PISCATAWAY, N.J. (CBSNewYork/AP) — Rutgers has fired football coach Kyle Flood and athletic director Julie Hermann, university President Robert Barchi announced Sunday.
Pat Hobbs, a dean emeritus of Seton Hall University School of Law and the Pirates’ former interim athletic director in 2010, has been hired to replace Hermann, Barchi said.
The Scarlet Knights just finished a 4-8 season that was a mess on and off the field. Flood was suspended for three games for making inappropriate contact with a professor regarding a player’s academics. Also, seven players were arrested since August, though charges were dropped against star receiver Leontee Carroo.
“The whole string of robberies that was kind of ridiculous it was really surprising to me then,” Rutgers student Steffany Conyers told WLNY 10/55’s Mark Morgan. “When I heard about him trying to mess with the grading of the football players, I thought that was really unfair. If you’re a coach you should be showing some type of integrity on and off the field.”
In one incident, several Rutgers players and two former students attacked and broke the jaw of a 19-year-old male student, investigators said.
Flood is 27-24 in four seasons at Rutgers, including bowl appearances in his first three. He was given a two-year contract extension at the beginning of the 2014 season that runs through the 2018 season and made $1.26 million this year, according to USA Today’s coaches’ salary database. Among Big Ten coaches, only Illinois’ Bill Cubit, who was interim coach until getting a two-year deal on Saturday, made less.
“Kyle Flood has been a loyal and dedicated member of our community for more than a decade and our head football coach for four seasons, during which his teams won 26 games and played in three bowl games,” Barchi said in a statement. “However, our continued struggles on the field combined with several off the field issues have convinced me that we need new leadership of our football program.”
Hermann took over in 2013 after the Mike Rice scandal led to Tim Pernetti’s firing. Hermann’s contract runs through the 2017-18 school year.
Hermann came from Louisville, where she was an associate AD and walked into reeling athletic department at Rutgers after Rice was fired for physically and verbally abusing his players. Pernetti, the AD who helped land Rutgers a spot in the Big Ten, was let go for only suspending Rice when a video of Rice’s actions was first brought to him.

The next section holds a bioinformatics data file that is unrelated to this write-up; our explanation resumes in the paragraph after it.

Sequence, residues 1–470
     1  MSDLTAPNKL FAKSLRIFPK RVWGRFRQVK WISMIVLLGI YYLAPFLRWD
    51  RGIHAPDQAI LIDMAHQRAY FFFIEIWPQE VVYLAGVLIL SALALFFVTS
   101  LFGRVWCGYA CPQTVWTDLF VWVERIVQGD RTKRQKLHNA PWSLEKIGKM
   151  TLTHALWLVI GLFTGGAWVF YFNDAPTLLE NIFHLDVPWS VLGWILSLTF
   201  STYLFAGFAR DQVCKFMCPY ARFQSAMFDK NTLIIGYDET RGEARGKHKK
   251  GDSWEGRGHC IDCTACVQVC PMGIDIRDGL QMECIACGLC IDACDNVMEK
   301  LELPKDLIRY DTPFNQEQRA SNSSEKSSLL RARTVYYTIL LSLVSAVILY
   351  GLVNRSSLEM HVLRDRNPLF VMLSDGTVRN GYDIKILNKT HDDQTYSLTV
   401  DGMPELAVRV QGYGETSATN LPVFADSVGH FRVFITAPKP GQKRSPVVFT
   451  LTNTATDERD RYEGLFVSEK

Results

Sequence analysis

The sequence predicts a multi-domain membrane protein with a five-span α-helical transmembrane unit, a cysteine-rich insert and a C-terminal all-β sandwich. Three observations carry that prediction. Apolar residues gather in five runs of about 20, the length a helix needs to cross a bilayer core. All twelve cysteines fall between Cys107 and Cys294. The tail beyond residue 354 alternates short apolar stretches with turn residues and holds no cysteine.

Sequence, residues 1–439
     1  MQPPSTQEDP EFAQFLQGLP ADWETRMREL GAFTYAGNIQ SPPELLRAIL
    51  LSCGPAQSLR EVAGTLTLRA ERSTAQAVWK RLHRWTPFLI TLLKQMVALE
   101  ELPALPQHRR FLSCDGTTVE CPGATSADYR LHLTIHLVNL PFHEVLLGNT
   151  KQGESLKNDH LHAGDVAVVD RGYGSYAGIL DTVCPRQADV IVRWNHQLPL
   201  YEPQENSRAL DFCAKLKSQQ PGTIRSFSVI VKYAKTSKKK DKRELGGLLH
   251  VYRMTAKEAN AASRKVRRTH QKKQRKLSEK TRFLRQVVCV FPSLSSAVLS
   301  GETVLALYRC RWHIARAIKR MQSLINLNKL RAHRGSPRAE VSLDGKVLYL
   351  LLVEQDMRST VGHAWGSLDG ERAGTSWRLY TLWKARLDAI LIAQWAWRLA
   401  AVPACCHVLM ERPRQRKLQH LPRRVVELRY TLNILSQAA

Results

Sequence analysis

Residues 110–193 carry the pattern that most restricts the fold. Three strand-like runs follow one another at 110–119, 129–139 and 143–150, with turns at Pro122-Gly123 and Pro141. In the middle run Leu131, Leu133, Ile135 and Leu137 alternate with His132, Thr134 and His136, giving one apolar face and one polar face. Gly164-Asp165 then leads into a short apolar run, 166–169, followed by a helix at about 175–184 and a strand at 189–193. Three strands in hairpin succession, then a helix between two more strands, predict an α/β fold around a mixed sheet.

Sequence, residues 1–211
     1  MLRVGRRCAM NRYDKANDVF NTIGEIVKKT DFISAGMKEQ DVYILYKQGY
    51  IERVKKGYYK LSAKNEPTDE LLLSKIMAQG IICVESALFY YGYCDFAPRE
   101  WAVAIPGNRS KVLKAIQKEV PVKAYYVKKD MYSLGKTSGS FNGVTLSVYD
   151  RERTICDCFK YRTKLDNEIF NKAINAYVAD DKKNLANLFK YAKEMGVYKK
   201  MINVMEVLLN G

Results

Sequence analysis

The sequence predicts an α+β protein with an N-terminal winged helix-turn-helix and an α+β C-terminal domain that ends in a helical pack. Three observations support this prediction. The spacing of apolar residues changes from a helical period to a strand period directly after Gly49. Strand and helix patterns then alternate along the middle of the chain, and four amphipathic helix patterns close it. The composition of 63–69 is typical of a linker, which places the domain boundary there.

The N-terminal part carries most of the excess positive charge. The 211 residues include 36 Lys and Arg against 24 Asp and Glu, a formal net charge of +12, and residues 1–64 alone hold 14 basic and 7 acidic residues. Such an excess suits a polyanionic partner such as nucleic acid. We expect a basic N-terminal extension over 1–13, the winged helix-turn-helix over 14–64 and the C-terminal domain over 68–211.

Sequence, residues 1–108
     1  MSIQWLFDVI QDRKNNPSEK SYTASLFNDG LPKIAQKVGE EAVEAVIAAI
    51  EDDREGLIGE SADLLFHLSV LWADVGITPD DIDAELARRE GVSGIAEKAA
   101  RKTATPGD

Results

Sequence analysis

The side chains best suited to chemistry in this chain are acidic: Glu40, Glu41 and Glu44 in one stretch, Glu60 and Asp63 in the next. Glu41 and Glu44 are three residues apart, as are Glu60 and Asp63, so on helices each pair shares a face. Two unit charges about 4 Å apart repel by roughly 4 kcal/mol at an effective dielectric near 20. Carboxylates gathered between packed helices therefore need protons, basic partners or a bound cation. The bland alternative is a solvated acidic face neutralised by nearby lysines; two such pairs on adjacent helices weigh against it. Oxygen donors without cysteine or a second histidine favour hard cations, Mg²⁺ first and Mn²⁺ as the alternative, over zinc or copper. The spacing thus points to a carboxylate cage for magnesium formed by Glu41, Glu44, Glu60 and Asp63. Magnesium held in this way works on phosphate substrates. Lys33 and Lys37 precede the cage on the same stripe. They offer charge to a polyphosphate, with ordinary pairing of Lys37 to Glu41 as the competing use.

But Hermann brought her own baggage. She had been accused of verbally abusing players when she was volleyball coach at Tennessee and was named in a discrimination lawsuit while at Tennessee.
Her first few months were tumultuous and she never seemed to gain the full trust of the administration. When Flood was under investigation in August and ultimately suspended, Hermann made no public comments on the situation beyond prepared statements.
Hermann met with Rutgers University President Rob Barchi at his home Sunday morning. The meeting lasted 11 minutes.
According to a NJ.com report, which cited people familiar with the situation, Hermann’s oversight of the football program was a major reason for her ouster.
“Julie came to Rutgers in 2013, at a time when the program was in turmoil, with a vision of where she could take our Athletics Program,” Barchi said. “I believe, however, at this point, when major changes are being made in our football program, we need a fresh start. Having reached that conclusion this past week, it would not have been fair to Julie, to Rutgers and our student athletes, or to potential football coaching candidates, for her to continue in her role.”
Flood was hired in a rush after former Rutgers coach Greg Schiano left to become coach of the Tampa Bay Buccaneers in January 2012. Flood, a former assistant under Schiano, came up a victory short of taking Rutgers to its first Big East Conference title in 2012 and finished 9-4.
The Scarlet Knights slipped to 6-7 the next season, but went a surprising 8-4 last year in their first season in the Big Ten.
The season has been a wreck.
Flood was suspended Sept. 16 and fined $50,000 after the university’s investigation determined he knowingly broke rules regarding contact between coaches and professors when he asked to meet with a professor for a player who was unable to become academically eligible in summer school.
Flood missed games against Penn State, Kansas and Michigan State. When he returned the team was 2-3. Rutgers beat Indiana 55-52 in his first game back but only won one more game the rest of the away, against Army.
The season ended Saturday with a brutal loss to Maryland. The Scarlet Knights blew a 31-13 halftme lead and lost 46-41 at home to finish 1-7 in the Big Ten and last in the East Division.
Barchi said he had been searching for an interim athletic director, but in doing so, “it was clear to all of us that Pat had the attributes required for our next Director of Athletics.” Hobbs was offered the job permanently and accepted.
Gov. Chris Christie released a statement praising Rutgers’ decision to hire Hobbs as athletic director.
“I’ve known Dean Hobbs for many years and he has always been a person of great character and judgment, as well as an effective leader and manager,” the governor said. “I can think of few people better suited to step into the role of Athletic Director. Rutgers is fortunate to have him and I congratulate him on his selection.”
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